When you’re faced with a faucet that won’t turn off the first thing you should check is the handle—is it turned all the way off? If it is, but there’s still a flow of water, you may have to investigate a little further.
Leaking vs. Running Faucet
Although leaking and running faucets may be perceived as similar circumstances, there are a few differences that you should take note of. Leaky faucets drip at a slower rate while running faucets have a more persistent flow of water. When you think of a leaking faucet, likely one of two images come to mind: a persistent drip or a consistent trickle of water. But, sometimes, leaking faucets can go undetected for quite some time. Whereas, running faucets are hard to miss.
However, if you suspect your problem is just a leak, try this simple test: dry the sink completely and place a dry paper towel over the drain, then leave it alone for a few hours If you come back to find that your paper towel is wet, you’ll know you have a leak on your hands.
Running faucets may have different components that are faulty in comparison to leaking faucets. Your handle stem could need a new washer, or the handle’s seat or stem could need replacing. These are all due to corroding or normal wear and tear due to constant usage.
What Causes a Faucet to Drip?
Usually, the internal components of the fixture are the culprits when it comes to this issue:
The stem and cartridge: These rubber and plastic parts shut off your faucet by closing over the opening to block out water flow but can become worn through regular use.
Rubber washers: They reduce in size due to constant use, in turn leading to a dripping faucet.
Valve set: A valve set can become corroded due to a buildup of water sediments.
Water pressure: If the faucet only drips during certain times of the day, this can be due to water pressure.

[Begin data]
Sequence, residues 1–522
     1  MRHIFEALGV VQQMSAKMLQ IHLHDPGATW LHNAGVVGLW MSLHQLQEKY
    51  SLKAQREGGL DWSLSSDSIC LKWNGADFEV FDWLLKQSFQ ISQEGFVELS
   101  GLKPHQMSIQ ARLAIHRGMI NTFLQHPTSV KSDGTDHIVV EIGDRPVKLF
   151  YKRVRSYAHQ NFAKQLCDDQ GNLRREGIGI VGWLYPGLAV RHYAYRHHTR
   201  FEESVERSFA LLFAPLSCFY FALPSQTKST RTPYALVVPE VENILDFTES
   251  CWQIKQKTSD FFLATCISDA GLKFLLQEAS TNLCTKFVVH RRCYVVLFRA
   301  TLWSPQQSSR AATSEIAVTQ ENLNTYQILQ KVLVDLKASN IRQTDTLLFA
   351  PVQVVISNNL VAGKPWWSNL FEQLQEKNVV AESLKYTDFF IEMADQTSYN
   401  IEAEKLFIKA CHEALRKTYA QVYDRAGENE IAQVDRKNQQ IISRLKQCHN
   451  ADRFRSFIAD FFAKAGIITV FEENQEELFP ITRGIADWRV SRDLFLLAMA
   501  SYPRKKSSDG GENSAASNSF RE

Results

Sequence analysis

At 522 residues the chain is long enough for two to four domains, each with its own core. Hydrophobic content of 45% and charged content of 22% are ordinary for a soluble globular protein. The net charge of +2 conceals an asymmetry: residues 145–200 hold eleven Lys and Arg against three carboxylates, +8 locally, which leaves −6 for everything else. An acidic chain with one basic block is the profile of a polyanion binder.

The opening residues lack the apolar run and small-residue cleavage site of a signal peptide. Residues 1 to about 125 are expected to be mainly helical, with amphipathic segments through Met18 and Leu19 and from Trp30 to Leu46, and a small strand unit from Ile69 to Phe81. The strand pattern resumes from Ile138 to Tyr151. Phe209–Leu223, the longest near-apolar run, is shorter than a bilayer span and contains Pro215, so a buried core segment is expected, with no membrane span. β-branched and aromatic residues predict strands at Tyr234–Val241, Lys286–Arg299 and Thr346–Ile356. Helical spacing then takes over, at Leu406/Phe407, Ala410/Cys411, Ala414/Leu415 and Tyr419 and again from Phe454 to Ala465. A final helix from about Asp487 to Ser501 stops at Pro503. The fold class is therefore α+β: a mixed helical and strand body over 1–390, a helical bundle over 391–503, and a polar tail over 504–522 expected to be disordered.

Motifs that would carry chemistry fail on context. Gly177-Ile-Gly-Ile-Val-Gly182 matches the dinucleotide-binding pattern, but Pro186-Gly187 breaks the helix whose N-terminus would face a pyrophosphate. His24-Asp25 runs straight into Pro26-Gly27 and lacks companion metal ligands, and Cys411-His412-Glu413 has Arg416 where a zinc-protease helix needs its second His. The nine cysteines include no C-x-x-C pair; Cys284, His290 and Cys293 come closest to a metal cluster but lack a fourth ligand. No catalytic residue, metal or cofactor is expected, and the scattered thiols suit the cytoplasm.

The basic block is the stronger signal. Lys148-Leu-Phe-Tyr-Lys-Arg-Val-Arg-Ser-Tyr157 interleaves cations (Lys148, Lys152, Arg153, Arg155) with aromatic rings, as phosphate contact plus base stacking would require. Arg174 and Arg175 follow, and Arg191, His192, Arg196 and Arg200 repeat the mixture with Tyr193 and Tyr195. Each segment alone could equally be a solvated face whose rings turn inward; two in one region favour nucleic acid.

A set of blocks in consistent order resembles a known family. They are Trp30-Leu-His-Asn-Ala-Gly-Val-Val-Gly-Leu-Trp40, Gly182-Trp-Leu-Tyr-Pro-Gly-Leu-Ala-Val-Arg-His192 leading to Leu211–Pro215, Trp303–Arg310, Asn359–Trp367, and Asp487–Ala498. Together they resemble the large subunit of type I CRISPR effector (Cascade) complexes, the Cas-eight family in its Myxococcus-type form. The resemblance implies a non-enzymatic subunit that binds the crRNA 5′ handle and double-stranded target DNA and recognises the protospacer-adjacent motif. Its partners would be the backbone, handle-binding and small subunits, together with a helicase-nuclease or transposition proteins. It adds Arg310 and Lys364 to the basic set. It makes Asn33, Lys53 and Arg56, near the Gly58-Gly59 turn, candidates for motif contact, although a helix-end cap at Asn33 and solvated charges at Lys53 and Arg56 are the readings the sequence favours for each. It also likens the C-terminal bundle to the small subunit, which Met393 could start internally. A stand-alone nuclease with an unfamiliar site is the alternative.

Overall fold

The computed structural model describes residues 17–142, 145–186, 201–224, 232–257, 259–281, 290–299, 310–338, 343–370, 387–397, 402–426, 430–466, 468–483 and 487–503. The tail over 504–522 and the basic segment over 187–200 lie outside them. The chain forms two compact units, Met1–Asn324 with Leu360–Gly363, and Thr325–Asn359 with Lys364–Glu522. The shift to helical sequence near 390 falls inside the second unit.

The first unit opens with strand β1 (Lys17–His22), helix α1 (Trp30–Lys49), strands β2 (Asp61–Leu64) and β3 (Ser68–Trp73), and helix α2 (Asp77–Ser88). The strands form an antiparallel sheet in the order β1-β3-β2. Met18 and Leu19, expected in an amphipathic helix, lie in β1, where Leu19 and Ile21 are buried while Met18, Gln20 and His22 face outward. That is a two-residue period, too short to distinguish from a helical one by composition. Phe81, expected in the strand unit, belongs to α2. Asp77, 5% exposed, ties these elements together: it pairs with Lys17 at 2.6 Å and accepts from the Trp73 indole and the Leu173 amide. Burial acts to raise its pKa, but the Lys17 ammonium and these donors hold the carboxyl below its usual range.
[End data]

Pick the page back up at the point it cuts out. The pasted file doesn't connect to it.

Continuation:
Steps to Fix Your Running Faucet
Follow these steps to locate the source of a running faucet:
Shut off all water running to your sink. To do this, you must locate where the shut off valve is below the sink. However, if there isn’t one for your unit, then turning off the main water supply to your home will do the trick as well. This step should always be your first step in any plumbing DIY—if you forget to turn off the water supply before tinkering with your plumbing you could end up with a much bigger flooding issue in your home. Check that there is no water running from your fixture by turning on the faucet after you’ve shut off the water supply.
Once you’ve successfully shut off your water supply, begin to disassemble your sink. Make sure you cover the drain to help prevent the loss of any valuable parts that you may need when it comes time to reassemble. Next, start by removing the handles.
After that, you may have to do some research on your sink to learn how to remove the valve stem or cartridge— you can find this information online or in your sink’s manual.
After removing these two pieces, examine the O-rings, rubber washers, and other components. If they seem corroded or worn, these could be the main problem causing your leak and it’s critical to replace these pieces.
If That Doesn’t Work…
A leak that drips once per second will waste a gallon of water in just four hours. While this is surprising if you follow all the steps above and still can’t seem to find the source of your issue there could be a larger problem within your home. Sometimes there are too many pieces that need to be replaced or the faucet as a whole needs to be substituted for a newer model.
If that’s the case, or if your faucet is still dripping or running, Pure Plumbing can replace and install any fixture that is causing an issue. Contact us online or by phone at (702) 710-7388 for any of your plumbing needs!